Elephants in Tanzania have no votes nor voices as political campaign heats up


(Posted 24th April 2015)

A ‘Statistics Bill’ and one dealing with ‘Cybercrimes’ recently passed by the Tanzanian parliament which aim to severely punish he publication of statistics and data seen or perceived by the powers that be to ‘defamatory, likely to disturb the public peace’ and being considered ‘misleading or inaccurate’ by those in government who think that their dirty linen should not be hung up in public by the mainstream media or bloggers will very likely put a dampener on individuals’ and organizations willingness to blow whistles or go on public record.

Should President Kikwete sign the bills into law could wildlife conservationists and activists face jail time for publishing any figures on poaching which are not approved and officially released by government even though they might be based on the findings of such reputable organisations like the Frankfurt Zoo which conducted the last elephant population survey in the Selous can came up with devastatingly low figures.

Tanzania had for long denied that there was a poaching crisis while tens of thousands of elephants had been mowed down already for their tusks and only under public pressure, and when the opposition in parliament raised the issue, gradually and grudgingly owned up to the problem. Former Natural Resources and Tourism Minister Amb. Khamis Kagesheki paid for his zeal to expose the masterminds behind the industrial scale slaughter with his job when he produced the now notorious ‘List of 300’ which while handed to the President at the time remains under lock and key. The reaction from the poaching gangs and their political godfathers was swift and without mercy as he was hung out to dry over allegations of a series of botched anti-poaching operations which his enemies used to demand his sacking in public and in parliament and soon got their way.

While admittedly a new anti-poaching operation has claimed some scalps, mostly of foot soldiers but notably few if any significant middle men or financiers and none associated with the slaughter of past years have many conservationists expressed their fear that much of it is to hoodwink the international conservation fraternity into believing that finally some real action is taken. The Selous – visited as recently as a few months ago – has been stripped of the large herds which even ten years ago roamed one of Africa’s greatest wilderness areas and the not too distant Ruaha where the elephant population has halved since 2014 to just over 4.000 of these magnificent animals. According to reports seen and figures heard from regular Tanzania based sources has the wider Ruaha ecosystem in fact lost even greater numbers. Trustworthy sources, understandably no longer willing to go on record, claim that from a population in the 2013/14 time frame only just over 8.000 remain, and this all happened since Amb. Kagesheki ‘had been dealt with’ for daring to challenge the apparently limitless powers of those behind and benefitting the most from the killings. When then news emerged that such data and findings had in fact been handed to the Tanzanian government but was not published, apparently to allow for independent verification, it is all but clear that there is again the same gang of suspects at work to block and stall action so that their bloody handiwork can be finished.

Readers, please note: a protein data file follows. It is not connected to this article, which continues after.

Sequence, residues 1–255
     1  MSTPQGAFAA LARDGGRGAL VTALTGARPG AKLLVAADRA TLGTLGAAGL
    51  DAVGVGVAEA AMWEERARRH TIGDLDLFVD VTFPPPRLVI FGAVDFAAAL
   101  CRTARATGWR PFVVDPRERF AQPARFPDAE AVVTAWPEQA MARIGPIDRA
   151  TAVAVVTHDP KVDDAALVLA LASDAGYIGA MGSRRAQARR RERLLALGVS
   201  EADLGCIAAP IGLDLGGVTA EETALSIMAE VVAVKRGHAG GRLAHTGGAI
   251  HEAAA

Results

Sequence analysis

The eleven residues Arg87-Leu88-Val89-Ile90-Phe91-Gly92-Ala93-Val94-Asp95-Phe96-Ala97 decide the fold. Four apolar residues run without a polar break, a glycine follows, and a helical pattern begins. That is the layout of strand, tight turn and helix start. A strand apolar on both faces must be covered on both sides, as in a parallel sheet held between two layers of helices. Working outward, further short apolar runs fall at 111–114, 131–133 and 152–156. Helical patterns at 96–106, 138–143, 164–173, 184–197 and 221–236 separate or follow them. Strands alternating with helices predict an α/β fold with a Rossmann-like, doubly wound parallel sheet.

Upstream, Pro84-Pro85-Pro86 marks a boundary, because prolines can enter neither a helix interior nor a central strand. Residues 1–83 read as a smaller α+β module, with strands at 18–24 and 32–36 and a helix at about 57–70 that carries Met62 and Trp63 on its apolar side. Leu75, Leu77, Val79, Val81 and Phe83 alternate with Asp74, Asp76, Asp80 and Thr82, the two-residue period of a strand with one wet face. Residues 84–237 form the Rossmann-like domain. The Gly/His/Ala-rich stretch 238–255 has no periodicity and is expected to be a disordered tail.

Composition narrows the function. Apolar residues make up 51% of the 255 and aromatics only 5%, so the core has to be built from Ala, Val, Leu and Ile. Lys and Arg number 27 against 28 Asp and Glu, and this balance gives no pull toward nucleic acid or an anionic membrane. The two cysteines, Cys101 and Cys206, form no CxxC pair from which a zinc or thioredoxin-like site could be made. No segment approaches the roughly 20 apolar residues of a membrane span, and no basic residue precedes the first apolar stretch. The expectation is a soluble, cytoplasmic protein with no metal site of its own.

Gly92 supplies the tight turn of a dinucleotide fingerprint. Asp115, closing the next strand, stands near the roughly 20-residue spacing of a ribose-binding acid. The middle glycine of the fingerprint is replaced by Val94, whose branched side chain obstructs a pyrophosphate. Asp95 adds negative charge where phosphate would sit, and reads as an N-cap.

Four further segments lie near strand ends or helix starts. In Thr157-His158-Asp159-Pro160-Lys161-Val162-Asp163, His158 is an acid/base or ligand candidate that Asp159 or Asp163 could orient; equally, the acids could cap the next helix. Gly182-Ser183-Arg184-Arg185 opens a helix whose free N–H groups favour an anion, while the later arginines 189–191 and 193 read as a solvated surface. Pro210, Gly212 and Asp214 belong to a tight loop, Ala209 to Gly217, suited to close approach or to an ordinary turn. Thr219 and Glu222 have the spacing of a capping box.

A case where TANAPA last year threatened a conservation NGO with unspecified action, repercussions and punishment after research data were published, reminiscent to a case in Kenya where former Director General of KWS, one Julius Kipngetich had the Executive Director of Ecotourism Kenya arrested over what he then claimed were unvalidated claims over poaching incidents and figures which contrasted sharply with KWS’s official ‘count’, claiming under an obscure law that such publications were bringing him into disrepute.

Into disrepute did Julius quickly fall then when the proverbial social media shitstorm emptied its buckets over his head and eventually he withdrew the complaint but not before his reputation took a serious beating.

As referred to earlier had the Serengeti elephant census by the Frankfurt Zoo and other reputable organizations established that from nearly 70.000 elephant counted in 2007 were the numbers down to some 13.000 only when the census took place, a shocking indictment of failed anti-poaching measures and leaving the outgoing Tanzanian president – his second and final term of office ends in November this year – as having presided over the world’s greatest elephant slaughter and done little if anything to prevent it in the first place or stem the tide when he was aware of it. Allegations of top connected political cronies and officials being behind and being the main financial beneficiaries have left a cloud of stink hanging over Tanzania’s once unblemished conservation record but it is clear that this legacy left by founding father of the nation, Mwalimu Julius Nyerere and his close friend Prof. Dr. Grzimek, has since been trampled into the dust of history alongside with many other political principles.

With the political campaigns now heating up and the focus firmly set on who the candidates for president of the various political groups will be, there is little hope that the poaching menace will face a full scale counter operation, not until the elections are over and a new government, after recovering from the celebrations of victory, can then look at the problems they inherited from their predecessors. It is votes which now count and as elephant have neither votes nor voices, their fate appears to be hanging by a threat with the proverbial scissor ready to cut it.